“Often the first stage of a spiritual journey involves learning a spiritual discipline or practice, one that trains awareness and helps us overcome the compelling distractions of everyday life.”

“. . . the winter 1997 Trends Journal predicted that the concept of success would increasingly be “measured by an acquisition of inner peace, spiritual growth, creative development, and a deepening respect for and commitment to family, friends, and community.”

Quoting from SOUL WORK: “This phenomenon has been noted and studied by religious scholars, and as University of Chicago professor Martin E. Marty, who have tracked the movement away from institutionalized religion to more diffuse and individualized expressions of worship. Sociologist Wade Clark Roof calls this phenomenon the ‘privatization of religion, entailing a movement not only away from formal religions toward individually crafted belief systems and rituals but also from adherence to dogma toward an emphasis on trusting one’s own inner experience.’”

They further say, “For the most part, people do not join religious communities, ashrams, Zen centers and the like because of familial roots or theological fine points. They join primarily because they feel that a particular path will help them develop an active, ongoing spiritual life. They do not want sermons about God and guilt; they want a religious experience. Practices such as chanting, contemplative prayer, qigong, meditation, scripture reading, Sufi dancing, tai chi, yoga – all of which derive from ancient religious traditions – provide ways to help practitioners focus attention on and develop a relationship with a force beyond themselves.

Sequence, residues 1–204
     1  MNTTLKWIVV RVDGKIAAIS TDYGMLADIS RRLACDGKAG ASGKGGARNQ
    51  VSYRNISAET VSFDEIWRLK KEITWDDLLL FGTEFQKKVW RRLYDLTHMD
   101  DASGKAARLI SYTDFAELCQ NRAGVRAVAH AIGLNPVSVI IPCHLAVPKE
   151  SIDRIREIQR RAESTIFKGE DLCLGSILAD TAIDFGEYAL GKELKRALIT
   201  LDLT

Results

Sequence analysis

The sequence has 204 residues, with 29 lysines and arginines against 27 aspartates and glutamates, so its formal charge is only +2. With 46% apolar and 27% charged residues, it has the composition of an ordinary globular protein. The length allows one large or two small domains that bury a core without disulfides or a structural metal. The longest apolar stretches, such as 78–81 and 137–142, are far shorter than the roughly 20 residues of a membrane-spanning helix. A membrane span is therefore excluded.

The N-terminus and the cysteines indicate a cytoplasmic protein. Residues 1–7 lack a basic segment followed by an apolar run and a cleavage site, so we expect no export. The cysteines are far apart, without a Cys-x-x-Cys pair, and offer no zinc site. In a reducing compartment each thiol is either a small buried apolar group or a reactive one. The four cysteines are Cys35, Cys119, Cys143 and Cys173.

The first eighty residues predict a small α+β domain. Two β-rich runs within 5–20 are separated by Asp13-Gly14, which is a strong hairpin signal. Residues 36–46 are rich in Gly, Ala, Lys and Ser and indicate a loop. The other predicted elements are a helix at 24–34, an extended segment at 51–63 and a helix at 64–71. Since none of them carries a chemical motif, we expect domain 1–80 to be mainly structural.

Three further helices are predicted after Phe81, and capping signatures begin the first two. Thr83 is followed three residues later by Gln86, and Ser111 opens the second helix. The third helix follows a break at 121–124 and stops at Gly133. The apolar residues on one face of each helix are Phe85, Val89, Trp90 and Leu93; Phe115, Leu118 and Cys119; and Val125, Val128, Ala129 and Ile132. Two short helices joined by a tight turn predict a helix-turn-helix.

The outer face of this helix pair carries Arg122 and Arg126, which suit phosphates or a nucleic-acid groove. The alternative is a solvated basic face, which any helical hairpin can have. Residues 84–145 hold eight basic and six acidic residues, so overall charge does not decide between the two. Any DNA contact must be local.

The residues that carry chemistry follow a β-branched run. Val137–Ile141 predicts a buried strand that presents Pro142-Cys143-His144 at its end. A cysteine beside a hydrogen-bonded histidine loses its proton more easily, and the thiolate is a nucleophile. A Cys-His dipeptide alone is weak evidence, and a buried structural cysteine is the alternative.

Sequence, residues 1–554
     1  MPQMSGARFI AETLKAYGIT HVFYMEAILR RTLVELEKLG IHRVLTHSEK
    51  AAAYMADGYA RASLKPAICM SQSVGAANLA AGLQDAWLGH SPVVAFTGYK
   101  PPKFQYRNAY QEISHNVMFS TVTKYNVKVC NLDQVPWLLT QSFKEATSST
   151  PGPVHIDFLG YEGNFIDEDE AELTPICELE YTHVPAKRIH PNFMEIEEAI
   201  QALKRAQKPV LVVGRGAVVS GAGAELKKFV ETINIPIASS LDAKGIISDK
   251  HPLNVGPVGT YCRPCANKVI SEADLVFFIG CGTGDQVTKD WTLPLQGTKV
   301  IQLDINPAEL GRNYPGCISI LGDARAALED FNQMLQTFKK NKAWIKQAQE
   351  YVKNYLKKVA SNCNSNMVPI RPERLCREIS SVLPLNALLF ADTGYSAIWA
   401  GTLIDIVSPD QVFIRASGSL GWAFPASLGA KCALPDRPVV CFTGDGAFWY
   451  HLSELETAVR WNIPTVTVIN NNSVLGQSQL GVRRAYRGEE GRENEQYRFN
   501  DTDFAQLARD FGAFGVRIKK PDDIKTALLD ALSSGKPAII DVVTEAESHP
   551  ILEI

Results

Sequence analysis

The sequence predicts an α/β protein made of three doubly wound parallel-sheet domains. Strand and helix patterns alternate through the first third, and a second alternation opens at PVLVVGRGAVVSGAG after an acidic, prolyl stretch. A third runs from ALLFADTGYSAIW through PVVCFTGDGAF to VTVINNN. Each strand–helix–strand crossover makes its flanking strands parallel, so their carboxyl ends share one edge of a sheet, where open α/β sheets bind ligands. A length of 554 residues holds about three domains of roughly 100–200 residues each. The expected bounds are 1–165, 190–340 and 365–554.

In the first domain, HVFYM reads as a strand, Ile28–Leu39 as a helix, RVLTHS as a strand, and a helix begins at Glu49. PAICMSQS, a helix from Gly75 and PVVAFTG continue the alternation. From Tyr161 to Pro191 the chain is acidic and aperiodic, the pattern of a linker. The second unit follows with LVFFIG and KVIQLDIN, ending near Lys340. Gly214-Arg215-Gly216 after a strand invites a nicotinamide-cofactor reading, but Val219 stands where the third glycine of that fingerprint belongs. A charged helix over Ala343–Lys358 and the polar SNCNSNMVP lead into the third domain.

“Marty sees this ‘craving for experience’ as part of a larger ‘wholeness hunger.’ Thus, whether disappointed by their childhood faith tradition and searching for another spiritual home or wanting to stay within their tradition but desiring a deeper connection to its spiritual roots, many area pursuing a host of different avenues to the Divine.
 

Spiritual "Gropers?"

Norman Lear (a well known TV producer – All In The Family etc.) had a name for spiritual seekers – and he considers himself one – ‘gropers.’ In a 1993 speech at the National Press Club, he said, “I am a groper, searching every step of the way for a better understanding [of the inner life]. And because I am not specifically attached to any synagogue, I suppose you can call me an ‘unaffiliated groper.’

“According to a 1996 survey cosponsored by the Fetzer Institute and the Institute of Noetic Sciences, there are now twenty million “gropers”, a group the researchers call “core culture creatives.” These are Americans who are “seriously concerned” with psychology, spiritual life, and self-actualization, and who are active advocates of women’s issues, social concerns, and ecological sustainability. They are part of a larger group labeled cultural creatives, an American subculture made up of nearly 25 percent of the population (or 44 million people) who value spirituality, personal development, authenticity, relationships and diversity.”